First, Scola plays Lance Thomas close on the elbow catch, denying a possible feed to the cutting Brian Roberts. Then, when Thomas gives up the ball, Scola eyes it to see the Pelicans initiating a side pick-and-roll -- one that will necessarily involve Mahinmi. By design, Scola picks up Mahinmi's man (Greg Stiemsma) as he rolls into the paint, preventing a quick interior feed and score. Once Scola hands off Stiemsma to a recovering Mahinmi, Scola darts out to the foul line to take away the open jumper from Thomas, sliding over at the last moment to impede Thomas slightly on his way to the rim. That momentary delay gives Mahinmi all the time he needs to rotate over and block Thomas' shot.
That sequence may not be executed to perfection, but it involves the worst defender on the floor for the Pacers effectively stringing together a series of necessary plays. Scola doesn't have to lock any opponent down, or even approximate Hibbert or West; all that's asked is that he not be a complete liability. He's worked to help make the Pacers' reserves more viable in coverage than they were previously.
These are small changes of considerable consequence, especially in light of the fact that Indiana often struggled when incorporating even a single bench player at a time last season. The divide between Augustin and Watson alone is enormous, which in turn gives Vogel better, more diverse lineup options to react as an in-game situation demands. Add in the fact that Hibbert is no longer battling consistent foul trouble, and for perhaps the first time since he took over the Pacers, Vogel's hands aren't tied. That's a powerful thing and could be just the catalyst Indiana's defense needed to vault from great to all-time great.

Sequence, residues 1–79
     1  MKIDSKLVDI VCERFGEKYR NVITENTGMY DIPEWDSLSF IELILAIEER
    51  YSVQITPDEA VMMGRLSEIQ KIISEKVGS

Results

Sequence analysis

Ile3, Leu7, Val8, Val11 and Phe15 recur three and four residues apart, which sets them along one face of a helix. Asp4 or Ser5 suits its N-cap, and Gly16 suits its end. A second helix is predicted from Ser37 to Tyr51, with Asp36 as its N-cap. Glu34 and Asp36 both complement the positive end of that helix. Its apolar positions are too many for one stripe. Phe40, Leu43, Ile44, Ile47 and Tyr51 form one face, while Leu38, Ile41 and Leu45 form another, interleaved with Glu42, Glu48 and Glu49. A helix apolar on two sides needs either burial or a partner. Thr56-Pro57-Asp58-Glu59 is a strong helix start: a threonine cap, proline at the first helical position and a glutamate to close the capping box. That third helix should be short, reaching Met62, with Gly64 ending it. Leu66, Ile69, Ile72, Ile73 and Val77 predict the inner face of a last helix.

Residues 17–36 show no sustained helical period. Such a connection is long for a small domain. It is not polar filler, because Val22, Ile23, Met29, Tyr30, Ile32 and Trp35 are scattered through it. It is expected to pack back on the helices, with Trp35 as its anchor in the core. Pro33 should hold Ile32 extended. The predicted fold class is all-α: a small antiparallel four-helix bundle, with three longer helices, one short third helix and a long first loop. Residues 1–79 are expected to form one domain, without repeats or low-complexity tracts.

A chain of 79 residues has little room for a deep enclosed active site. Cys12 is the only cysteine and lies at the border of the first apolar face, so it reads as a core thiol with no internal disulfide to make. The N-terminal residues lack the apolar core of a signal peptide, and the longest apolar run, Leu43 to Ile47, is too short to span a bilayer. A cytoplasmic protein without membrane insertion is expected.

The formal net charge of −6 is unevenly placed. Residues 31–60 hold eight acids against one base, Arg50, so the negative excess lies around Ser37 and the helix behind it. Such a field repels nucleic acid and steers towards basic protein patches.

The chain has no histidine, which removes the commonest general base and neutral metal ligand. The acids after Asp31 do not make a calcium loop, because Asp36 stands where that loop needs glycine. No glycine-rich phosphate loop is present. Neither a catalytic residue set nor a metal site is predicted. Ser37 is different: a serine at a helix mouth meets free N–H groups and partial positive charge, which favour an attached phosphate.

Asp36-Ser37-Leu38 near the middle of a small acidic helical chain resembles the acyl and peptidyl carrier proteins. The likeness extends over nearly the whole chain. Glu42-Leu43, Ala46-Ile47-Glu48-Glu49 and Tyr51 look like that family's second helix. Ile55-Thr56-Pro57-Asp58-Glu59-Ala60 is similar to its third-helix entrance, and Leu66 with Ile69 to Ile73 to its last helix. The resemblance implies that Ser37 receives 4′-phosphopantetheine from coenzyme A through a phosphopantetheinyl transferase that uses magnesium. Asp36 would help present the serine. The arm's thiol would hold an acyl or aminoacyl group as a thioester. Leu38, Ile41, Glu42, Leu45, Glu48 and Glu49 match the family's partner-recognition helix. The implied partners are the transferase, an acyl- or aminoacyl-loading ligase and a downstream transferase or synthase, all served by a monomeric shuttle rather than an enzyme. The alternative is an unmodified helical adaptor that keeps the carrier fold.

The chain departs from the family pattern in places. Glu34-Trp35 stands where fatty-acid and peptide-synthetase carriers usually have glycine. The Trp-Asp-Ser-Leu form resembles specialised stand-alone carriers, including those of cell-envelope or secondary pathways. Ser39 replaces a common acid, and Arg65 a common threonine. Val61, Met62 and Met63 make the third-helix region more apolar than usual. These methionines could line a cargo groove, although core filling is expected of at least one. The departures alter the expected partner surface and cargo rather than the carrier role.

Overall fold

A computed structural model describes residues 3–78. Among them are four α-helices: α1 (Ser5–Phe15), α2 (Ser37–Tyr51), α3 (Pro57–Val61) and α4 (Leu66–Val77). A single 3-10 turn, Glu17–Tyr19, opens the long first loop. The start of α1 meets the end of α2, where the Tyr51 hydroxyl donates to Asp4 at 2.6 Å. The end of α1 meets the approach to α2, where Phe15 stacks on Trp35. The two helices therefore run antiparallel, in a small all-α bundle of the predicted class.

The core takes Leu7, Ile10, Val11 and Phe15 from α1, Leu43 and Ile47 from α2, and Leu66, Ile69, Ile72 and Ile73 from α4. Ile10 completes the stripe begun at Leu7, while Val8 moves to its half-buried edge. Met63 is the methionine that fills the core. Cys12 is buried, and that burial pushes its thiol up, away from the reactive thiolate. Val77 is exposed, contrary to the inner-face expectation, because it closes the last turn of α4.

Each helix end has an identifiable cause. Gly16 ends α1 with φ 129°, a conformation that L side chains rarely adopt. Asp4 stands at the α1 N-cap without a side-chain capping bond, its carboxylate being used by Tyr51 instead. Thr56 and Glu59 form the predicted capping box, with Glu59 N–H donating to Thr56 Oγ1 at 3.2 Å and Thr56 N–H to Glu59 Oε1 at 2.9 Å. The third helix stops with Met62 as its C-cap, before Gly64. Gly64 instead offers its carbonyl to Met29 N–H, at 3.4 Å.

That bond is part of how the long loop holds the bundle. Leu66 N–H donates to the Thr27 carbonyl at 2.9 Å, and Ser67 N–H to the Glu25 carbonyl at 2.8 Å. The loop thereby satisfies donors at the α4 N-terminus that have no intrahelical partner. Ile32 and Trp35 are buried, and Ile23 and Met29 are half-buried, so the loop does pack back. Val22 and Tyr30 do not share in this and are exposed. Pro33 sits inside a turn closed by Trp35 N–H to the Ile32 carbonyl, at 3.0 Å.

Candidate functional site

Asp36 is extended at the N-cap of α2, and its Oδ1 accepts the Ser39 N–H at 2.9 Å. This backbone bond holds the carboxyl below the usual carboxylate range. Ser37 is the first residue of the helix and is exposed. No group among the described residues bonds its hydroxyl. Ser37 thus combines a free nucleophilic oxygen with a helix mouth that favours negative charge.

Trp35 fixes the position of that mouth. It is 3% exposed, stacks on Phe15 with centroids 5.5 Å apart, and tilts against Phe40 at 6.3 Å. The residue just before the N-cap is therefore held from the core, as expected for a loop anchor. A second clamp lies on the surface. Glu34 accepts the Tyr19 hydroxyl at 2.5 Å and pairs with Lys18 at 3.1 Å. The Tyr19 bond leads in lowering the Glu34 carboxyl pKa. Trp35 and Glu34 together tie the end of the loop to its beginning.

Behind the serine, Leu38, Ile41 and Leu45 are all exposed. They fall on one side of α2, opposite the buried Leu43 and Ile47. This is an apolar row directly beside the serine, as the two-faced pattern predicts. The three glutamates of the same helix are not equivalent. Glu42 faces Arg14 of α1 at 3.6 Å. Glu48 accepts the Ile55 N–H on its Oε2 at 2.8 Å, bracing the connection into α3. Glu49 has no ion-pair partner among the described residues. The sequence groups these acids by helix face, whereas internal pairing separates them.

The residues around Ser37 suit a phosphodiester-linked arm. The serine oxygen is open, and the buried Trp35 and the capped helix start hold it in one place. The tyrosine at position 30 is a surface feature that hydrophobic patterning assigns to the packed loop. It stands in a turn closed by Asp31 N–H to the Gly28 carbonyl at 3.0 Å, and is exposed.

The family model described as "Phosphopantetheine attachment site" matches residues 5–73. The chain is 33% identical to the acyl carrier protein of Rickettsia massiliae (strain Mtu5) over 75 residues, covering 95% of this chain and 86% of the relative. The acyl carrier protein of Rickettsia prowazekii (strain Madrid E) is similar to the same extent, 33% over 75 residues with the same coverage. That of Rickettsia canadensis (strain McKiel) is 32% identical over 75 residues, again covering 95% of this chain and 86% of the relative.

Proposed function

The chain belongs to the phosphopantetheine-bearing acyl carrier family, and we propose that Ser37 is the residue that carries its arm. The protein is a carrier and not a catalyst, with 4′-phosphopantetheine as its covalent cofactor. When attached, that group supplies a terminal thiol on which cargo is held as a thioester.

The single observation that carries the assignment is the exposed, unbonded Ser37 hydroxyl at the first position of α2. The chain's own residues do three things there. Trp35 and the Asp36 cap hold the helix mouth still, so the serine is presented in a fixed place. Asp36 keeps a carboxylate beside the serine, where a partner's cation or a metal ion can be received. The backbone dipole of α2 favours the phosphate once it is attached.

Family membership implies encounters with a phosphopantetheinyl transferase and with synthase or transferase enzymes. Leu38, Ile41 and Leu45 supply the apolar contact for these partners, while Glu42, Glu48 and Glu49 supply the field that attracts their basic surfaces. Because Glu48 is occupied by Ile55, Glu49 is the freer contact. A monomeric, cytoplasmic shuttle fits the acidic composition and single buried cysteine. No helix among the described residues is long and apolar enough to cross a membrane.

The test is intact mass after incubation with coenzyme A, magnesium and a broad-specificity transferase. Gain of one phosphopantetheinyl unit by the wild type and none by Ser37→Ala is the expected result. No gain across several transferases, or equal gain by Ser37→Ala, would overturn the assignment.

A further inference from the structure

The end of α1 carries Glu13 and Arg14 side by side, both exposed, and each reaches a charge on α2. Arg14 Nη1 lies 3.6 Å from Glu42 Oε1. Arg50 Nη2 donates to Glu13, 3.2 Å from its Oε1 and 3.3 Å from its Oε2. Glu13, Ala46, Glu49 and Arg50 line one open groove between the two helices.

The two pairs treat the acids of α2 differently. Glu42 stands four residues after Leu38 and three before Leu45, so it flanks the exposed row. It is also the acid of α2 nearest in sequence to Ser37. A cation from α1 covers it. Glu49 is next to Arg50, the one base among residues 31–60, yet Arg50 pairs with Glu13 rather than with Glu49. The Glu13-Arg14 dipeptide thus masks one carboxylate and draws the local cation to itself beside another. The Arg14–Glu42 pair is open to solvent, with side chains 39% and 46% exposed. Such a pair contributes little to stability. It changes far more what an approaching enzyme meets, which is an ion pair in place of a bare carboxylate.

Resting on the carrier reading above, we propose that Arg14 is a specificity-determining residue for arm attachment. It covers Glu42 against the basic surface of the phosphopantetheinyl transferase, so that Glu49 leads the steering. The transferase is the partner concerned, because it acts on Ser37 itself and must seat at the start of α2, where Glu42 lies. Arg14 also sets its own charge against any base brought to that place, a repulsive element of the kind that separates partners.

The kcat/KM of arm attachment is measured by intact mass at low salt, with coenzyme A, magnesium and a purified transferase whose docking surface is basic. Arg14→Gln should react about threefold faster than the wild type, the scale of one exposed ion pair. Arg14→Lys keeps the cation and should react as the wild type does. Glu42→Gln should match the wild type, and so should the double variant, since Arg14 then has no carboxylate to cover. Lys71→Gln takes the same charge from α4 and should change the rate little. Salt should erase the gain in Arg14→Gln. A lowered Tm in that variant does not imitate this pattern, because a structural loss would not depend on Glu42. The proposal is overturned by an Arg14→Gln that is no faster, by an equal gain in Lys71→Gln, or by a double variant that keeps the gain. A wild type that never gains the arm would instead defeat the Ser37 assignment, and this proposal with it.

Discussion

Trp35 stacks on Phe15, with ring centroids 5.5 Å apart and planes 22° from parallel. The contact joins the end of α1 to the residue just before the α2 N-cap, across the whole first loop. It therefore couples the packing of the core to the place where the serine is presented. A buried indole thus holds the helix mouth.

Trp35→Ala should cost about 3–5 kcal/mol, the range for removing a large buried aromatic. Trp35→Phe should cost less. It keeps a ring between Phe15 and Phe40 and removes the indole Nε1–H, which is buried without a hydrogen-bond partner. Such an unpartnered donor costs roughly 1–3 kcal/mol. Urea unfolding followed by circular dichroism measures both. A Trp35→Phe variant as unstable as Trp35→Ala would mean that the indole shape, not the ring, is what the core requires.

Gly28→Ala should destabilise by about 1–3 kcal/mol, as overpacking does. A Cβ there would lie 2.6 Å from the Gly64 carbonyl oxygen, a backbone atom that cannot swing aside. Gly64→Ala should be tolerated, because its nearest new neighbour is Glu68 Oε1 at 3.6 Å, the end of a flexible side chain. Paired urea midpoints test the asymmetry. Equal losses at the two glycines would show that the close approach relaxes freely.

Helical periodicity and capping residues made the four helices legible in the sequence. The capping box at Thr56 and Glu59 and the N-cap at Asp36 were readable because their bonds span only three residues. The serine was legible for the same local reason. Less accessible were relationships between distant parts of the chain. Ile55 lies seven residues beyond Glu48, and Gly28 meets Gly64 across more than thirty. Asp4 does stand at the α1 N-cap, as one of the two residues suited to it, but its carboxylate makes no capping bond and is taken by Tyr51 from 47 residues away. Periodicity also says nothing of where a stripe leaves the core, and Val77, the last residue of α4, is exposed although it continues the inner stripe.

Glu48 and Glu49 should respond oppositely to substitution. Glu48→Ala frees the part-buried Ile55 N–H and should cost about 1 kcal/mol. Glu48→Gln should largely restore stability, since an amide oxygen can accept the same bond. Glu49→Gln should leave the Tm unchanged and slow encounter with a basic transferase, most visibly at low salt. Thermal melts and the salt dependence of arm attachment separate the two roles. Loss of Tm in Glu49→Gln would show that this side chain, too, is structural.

NEXT PAGE: Free throw rates, Greg Monroe driving and more
continues to get to the line at a remarkable rate. (Layne Murdoch Jr./NBAE via Getty Images)
• Last season, Ramon Sessions was a surprising inclusion among the league leaders in free throw attempts per minute. The Bobcats' guard finished ahead of LeBron James, Kobe Bryant, Russell Westbrook, Carmelo Anthony, Dwyane Wade, Blake Griffin, Tony Parker and many others. He's essentially doubled down on that strength this season, ranking as one of three players -- along with Dwight Howard and Kevin Durant -- to average more than 10 free throw attempts per 36 minutes. Most of his fouls have been drawn in the pick-and-roll, where Sessions wobbles through a constant string of slight hesitations. He's not quick enough to beat opponents off the dribble consistently, but he's just herky-jerky enough to keep them off-balance.
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• In reversing a trend from last season, Wizards big man Nene now rightly piles up free throw attempts whenever John Wall is in the game. He's shared the court enough with Wall to rank sixth in free throw attempts per minute. Wall, for his part, ranks in the top 10 in free throw assists per game, according to SportVU.
• It's good to see Kevin Martin continue his parade to the foul line after a few down years, particularly considering that the Minnesota guard has drawn only one shooting foul (out of 22 overall, per Synergy) in transition. His capacity to draw fouls very understandably faded in OKC last season, given his role, but the movement and flexibility of Timberwolves coach Rick Adelman's offense have put Martin in a position to bait defenders for contact again.
NOTES FROM AROUND THE ASSOCIATION
Greg Monroe has had to adapt his game upon the arrival of Josh Smith
. (Dan Lippitt/NBAE via Getty Images)
1. Greg Monroe, making decisive drives